Born in Lorraine, France June 26, 1730, he began the study of astronomy early. In 1744, at the age of 14, he saw his first comet and later witnessed the 1748 annular solar eclipse.
He joined the Paris Observatory at 21 years old. As an assistant to Nicholas Delisle he became an accomplished astronomer. Although spotted in 1858 by Johann Georg Palitzsch, Messier was the first person in France to find Halley's Comet.
He became a dedicated comet hunter and was nick-named the “comet ferret” by King Louis XV. Discovered between 1760 and 1784, thirteen comets would bear his name and he would co-discover several more. Along with the comets he sought after, Messier also discovered forty nebulae.
The reason Messier compiled his catalog of DSOs was to save astronomers time while comet hunting. A long time is taken for an astronomer to recognize a potential comet suspect as it requires checking for a sustained change in observed position in the sky over a period of time. His telescope was a small refractor only a couple of inches in diameter, so even star clusters would appear fuzzy like a comet. He recorded the stationary objects - star clusters, nebulae and galaxies - so he could differentiate between previous observations of the object or a possible new comet. He made a careful sketching of each, naming them M-objects (for Messier) followed by a catalog number, beginning with M1 indicating the Crab Nebula. He recorded a total of 103 entries.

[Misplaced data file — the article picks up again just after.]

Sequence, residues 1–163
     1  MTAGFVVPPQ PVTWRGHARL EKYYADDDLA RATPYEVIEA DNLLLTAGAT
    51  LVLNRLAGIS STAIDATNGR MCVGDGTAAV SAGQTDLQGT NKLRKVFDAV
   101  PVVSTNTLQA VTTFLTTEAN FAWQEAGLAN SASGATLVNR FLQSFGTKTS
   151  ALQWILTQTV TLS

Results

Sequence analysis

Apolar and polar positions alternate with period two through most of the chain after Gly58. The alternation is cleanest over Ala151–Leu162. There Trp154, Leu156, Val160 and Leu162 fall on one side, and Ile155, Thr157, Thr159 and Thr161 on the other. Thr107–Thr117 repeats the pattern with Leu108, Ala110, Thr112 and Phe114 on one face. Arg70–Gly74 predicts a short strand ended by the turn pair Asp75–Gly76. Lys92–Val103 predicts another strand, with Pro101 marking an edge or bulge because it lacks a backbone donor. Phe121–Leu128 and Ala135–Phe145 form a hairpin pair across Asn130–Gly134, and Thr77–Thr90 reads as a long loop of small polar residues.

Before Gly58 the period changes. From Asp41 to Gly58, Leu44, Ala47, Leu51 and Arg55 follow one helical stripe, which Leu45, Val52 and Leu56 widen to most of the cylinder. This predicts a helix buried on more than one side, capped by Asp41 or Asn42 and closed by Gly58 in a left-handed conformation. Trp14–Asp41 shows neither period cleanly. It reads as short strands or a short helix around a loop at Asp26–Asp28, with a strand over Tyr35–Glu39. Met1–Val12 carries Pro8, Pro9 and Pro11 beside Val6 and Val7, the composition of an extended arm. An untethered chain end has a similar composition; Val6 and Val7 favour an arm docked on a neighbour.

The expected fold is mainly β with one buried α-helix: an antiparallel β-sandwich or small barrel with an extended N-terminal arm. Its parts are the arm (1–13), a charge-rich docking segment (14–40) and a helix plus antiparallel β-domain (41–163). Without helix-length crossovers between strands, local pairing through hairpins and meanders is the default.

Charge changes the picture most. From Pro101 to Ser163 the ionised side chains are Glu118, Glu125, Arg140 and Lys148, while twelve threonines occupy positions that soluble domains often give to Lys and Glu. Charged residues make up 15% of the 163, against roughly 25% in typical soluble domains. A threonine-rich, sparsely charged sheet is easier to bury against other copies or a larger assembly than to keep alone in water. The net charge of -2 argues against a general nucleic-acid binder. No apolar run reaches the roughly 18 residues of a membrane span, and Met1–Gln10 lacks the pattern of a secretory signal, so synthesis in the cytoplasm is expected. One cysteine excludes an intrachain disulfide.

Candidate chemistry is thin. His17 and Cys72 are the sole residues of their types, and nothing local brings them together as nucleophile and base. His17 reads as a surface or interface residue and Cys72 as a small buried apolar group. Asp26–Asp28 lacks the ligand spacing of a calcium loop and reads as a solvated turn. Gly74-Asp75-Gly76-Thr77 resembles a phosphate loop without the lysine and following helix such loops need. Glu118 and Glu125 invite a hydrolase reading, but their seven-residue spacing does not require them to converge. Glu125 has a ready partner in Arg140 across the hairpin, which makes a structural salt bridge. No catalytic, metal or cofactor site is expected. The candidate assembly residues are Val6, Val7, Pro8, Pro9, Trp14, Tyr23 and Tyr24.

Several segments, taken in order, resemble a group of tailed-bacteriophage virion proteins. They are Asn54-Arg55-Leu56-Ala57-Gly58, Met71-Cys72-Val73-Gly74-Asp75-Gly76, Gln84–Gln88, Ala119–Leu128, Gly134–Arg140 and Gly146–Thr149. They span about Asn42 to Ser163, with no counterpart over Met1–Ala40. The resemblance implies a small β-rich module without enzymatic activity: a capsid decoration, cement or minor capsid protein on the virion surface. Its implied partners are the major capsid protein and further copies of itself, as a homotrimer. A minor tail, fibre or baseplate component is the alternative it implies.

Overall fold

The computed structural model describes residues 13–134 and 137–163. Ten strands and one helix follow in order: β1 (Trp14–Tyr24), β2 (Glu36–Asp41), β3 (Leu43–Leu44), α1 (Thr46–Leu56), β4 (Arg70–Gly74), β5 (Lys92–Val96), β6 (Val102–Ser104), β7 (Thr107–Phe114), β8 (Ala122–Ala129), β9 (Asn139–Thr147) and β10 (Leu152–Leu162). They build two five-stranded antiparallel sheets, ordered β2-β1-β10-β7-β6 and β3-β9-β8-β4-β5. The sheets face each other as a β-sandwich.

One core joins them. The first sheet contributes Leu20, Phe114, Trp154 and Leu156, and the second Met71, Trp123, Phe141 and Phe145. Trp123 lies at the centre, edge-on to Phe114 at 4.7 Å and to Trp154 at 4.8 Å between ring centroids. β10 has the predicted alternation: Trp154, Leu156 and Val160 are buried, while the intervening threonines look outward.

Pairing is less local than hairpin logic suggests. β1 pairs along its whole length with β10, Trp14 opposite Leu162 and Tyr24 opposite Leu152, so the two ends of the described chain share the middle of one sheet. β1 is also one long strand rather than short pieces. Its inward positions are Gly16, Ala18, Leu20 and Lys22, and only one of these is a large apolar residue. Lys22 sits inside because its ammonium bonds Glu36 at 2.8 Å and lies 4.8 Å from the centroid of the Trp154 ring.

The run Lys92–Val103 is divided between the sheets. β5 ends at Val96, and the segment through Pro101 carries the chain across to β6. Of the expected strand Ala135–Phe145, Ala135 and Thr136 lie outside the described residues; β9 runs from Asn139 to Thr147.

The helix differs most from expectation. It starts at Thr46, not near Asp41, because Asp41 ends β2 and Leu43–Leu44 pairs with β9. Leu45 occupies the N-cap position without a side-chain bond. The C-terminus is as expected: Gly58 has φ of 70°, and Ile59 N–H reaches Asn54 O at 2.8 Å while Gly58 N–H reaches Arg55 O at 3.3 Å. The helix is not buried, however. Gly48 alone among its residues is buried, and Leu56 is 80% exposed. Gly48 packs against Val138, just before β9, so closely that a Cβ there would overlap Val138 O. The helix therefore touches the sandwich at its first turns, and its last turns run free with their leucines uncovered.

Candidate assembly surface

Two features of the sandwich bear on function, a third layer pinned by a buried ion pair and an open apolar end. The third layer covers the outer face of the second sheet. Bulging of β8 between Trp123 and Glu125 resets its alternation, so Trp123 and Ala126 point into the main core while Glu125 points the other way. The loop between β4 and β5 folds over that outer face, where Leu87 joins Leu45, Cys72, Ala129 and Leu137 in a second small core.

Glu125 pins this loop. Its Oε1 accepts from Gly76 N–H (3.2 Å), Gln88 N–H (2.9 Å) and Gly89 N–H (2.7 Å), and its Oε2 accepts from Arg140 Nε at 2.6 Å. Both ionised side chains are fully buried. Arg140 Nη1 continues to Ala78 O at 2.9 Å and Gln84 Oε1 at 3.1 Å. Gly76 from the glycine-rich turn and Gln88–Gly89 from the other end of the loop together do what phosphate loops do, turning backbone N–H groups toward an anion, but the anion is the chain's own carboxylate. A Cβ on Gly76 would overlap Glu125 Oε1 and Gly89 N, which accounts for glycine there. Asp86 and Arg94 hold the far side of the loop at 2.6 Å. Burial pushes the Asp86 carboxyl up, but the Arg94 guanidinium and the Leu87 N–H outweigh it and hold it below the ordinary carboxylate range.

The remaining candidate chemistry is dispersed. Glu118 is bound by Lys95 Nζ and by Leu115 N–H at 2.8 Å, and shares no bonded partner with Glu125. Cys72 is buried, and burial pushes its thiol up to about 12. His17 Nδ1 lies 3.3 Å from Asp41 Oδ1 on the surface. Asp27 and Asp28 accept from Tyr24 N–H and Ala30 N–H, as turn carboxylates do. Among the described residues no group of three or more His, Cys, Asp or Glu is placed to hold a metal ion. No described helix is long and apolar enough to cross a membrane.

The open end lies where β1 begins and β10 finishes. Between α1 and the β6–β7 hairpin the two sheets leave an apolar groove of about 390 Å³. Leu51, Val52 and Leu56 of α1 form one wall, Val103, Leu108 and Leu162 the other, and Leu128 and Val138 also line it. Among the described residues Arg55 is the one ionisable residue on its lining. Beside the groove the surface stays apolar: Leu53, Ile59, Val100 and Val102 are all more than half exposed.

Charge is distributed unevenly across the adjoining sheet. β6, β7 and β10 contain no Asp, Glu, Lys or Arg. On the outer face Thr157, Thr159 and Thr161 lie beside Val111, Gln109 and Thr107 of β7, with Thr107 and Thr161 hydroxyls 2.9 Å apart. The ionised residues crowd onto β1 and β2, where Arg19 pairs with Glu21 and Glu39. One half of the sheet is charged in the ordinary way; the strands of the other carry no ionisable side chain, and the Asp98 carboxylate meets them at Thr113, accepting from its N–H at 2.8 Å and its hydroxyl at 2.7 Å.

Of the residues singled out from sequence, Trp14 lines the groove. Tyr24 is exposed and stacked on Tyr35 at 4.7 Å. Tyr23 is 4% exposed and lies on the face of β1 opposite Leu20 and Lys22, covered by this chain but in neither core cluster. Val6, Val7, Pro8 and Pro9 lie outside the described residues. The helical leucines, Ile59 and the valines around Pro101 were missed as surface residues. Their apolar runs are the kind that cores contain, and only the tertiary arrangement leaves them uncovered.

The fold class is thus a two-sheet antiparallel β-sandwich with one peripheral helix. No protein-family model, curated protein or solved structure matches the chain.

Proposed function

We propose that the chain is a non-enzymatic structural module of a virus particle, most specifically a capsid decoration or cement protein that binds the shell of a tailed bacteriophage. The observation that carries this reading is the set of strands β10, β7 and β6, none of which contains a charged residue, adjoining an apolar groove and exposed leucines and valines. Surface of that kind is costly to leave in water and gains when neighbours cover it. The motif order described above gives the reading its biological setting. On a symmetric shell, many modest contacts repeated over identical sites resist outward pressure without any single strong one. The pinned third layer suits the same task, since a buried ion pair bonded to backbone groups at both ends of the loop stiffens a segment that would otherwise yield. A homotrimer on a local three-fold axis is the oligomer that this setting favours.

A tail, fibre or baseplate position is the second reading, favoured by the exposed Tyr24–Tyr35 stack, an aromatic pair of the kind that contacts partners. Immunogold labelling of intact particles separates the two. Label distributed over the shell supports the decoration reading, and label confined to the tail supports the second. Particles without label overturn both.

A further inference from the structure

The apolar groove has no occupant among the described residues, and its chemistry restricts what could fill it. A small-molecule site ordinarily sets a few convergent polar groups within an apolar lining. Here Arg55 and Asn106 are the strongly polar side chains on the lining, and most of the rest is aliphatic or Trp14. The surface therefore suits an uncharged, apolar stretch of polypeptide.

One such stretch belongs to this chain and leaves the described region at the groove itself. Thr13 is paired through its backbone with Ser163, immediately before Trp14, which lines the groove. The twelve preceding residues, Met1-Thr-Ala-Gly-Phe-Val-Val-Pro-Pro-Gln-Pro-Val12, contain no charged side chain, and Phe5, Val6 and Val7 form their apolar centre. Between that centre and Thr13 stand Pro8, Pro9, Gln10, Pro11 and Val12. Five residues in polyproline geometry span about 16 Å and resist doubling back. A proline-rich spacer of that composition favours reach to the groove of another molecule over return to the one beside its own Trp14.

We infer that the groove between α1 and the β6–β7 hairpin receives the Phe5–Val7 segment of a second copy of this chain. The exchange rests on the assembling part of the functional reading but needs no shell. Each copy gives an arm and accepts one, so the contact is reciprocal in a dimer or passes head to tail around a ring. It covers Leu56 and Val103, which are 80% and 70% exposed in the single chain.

In April 1817, Charles Messier passed away at the age of 86, at his home in Paris. Seven objects known to have been recorded by Messier were added to the catalog in the twentieth century, with the final entry, M110, added in 1967. His catalog is still widely used by astronomers for identification of DSOs and contains some of the most beautiful objects in the sky.
Find a complete listing of the Messier Catalog here:http://